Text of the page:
Search form

Art of animation = no motion capture..what do u think??

10 posts / 0 new
Last post
Art of animation = no motion capture..what do u think??

If we use mo-cap so no need to animators, just go on,bring some actors and do a real movie...right??...an animator is an artist...so where is the art of animation???...i don't agree with mo-cap..but of course u can have references from acting, expressions, moving in general (as pictures,movies,or anything) and u exaggerate and animate them with your own way...what do u think??...did PIXAR,PDI,ILM use mo-cap???

tough call

Hey Ramimator, I agree, there isn't much room for artistic creativity when it comes to mocap. But I don't think it's as easy as getting some actors together and making a movie per say... there are always people that have to fix mocap data since it hardly ever gets captured perfectly, but there is a fine line between 'animator' and 'cleanup artist' in that situation.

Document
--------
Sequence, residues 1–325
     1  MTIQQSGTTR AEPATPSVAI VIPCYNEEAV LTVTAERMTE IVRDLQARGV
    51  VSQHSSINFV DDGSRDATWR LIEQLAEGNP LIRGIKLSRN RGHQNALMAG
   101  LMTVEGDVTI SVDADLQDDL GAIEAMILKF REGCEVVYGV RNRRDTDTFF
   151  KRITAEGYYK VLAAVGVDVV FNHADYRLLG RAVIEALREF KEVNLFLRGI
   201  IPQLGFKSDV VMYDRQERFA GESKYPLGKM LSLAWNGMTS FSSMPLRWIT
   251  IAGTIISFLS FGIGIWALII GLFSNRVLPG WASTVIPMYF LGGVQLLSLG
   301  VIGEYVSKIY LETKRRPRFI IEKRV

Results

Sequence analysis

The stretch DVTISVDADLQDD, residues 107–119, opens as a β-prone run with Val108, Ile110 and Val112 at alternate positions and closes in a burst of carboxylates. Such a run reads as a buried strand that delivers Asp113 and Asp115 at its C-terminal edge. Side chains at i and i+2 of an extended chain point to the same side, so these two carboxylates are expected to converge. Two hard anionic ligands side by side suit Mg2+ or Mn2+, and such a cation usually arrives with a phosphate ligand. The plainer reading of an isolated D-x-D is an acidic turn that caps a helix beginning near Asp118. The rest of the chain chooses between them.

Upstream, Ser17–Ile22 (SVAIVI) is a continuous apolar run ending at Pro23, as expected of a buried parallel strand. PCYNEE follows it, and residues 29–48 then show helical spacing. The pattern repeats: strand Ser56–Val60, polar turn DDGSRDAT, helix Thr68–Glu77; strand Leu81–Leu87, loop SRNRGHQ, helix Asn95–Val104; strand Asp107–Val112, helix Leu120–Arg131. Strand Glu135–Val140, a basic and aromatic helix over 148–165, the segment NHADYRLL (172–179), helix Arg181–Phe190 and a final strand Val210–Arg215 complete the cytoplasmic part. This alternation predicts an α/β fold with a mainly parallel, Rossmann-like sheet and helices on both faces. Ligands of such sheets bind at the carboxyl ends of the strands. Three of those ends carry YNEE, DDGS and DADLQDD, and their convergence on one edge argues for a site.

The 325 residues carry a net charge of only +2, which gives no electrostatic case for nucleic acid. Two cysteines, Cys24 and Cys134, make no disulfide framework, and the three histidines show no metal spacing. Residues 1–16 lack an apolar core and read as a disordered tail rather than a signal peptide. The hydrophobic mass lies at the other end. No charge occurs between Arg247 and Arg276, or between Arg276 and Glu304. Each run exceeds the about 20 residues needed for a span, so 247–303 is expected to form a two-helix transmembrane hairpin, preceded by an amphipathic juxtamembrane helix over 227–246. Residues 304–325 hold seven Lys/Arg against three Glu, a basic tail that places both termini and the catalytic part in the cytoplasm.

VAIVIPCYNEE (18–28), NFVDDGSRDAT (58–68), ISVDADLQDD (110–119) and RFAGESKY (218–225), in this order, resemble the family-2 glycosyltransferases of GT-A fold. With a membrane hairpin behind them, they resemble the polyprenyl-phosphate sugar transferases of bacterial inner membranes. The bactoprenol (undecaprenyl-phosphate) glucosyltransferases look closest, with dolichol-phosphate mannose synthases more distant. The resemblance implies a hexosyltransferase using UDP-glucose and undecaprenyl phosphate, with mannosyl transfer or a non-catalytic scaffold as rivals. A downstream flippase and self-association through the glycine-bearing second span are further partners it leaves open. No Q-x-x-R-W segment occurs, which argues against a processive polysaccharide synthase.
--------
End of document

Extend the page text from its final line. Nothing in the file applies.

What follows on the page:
If mocap data was used as a template, and animators then took that and enhanced it with movements that maybe couldn't be captured in a suit, I think there is "art of animation" in that. ('Gollum' comes to mind.) Using strict mocap data and only fixing pops and wrist flips, I don't consider that to be all that artistic. Tough call though... 'art' is a broad term.

As an animator, I always like the look of key frame animated characters.

"...did PIXAR,PDI,ILM use mo-cap???" I am not sure if that was a rhetorical question, but I know for a fact that Pixar and PDI do not, and I don't think ILM does either.

Well, those are my thoughts.

"i love the graph editor"
[ChrisMagovern.com]
and visit me on myspace...

Your question brings the answer. Motion capture is not animation, and vice versa.